Just came across an article online, about a proposal to the Swedish government to make it easier to legally change your name. That made me stop and read as I was thinking; “how can they make it any easier, it’s already easy?”
It’s not unusual for people to change their family name there. In a way, I can understand that. It’s a small country, with only 9 million citizens … that’s about the same as the province of Quebec here. Since some time in the 1800s they’ve used the patronymic system which has resulted in that 241,685 people bear the proud name Johansson. That was also my name before we married. The top ten most common names there are all -son names:
So … when your name is Maria Johansson you don’t have much of a chance to stand out 🙂 My paternal grandfather’s name was Solomonson, but for some reason my father got Johansson. I don’t know why and he’s not around so I can ask him.
Changing your family name is easy. They have a booklet with suggestions, and you can go online and make up a new name with the help of prefixes and suffixes — it’s like making up a screen name or something like that. If you’ve done genealogy, you could also take a name, three generations back in your ancestry. Like I said, this thing with -son names only started as late as end of 1800, and they had much cooler name before that. Take ‘Hernodius’ as an example … that would imply that it’s a person from Härnösand, my hometown … with a Latinization.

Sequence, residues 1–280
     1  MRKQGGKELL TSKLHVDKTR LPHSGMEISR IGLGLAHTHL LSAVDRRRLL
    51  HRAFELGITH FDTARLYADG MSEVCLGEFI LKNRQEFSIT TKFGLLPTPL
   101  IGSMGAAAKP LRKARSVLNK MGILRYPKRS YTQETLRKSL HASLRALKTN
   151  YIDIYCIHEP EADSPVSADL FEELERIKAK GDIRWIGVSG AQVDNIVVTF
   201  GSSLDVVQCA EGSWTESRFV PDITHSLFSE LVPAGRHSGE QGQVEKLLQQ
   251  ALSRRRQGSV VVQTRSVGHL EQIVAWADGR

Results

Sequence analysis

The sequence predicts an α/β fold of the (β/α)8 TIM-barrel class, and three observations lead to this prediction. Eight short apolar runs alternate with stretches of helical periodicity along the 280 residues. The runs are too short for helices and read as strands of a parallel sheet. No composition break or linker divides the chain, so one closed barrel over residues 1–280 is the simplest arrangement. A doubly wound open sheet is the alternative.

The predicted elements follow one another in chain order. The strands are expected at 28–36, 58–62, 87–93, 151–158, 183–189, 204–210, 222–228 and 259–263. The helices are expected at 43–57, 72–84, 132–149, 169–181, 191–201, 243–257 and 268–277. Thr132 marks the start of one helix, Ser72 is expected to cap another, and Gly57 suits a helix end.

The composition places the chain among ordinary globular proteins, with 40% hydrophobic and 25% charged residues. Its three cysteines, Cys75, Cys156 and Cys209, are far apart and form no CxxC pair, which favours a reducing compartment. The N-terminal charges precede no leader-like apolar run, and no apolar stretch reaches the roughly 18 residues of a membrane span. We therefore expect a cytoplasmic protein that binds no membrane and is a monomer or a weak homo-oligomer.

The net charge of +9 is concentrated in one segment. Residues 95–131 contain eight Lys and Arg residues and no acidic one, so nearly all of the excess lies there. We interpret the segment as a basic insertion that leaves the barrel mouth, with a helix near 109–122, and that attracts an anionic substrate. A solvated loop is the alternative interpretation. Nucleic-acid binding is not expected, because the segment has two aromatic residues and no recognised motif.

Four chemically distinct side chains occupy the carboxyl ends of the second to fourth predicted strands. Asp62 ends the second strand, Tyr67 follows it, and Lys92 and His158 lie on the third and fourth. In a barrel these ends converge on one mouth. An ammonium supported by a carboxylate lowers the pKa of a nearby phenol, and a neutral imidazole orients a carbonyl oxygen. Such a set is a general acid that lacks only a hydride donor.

This would cost you approximately $200 +the costs involved in getting a new passport, drivers licence et cetera.
Changing your first name only costs a few bucks. According to this proposal it will now be possible to take also the common names like Johansson. Before, you had to prove that you had a close connection if you wanted to take an existing name. If I would have wanted to change my name to Hoeckert, which was my maternal great grandmother’s name, it would have been fairly easy … that was three generations. But to go farther back, you’d have to consult with living bearers of the name in question and they’d have to approve.
In this article, they also say that it will get easier to change your first name. I don’ t know how, they didn’t elaborate on that. However, it reminded me of a waiter in a restaurant where I lived for a while … his name was Ahmed Karlsson. He had adopted his wife’s family name because he wanted to assimilate into the Swedish society. I don’t know how that worked out for him, with a name like that. Perhaps it will get easier now.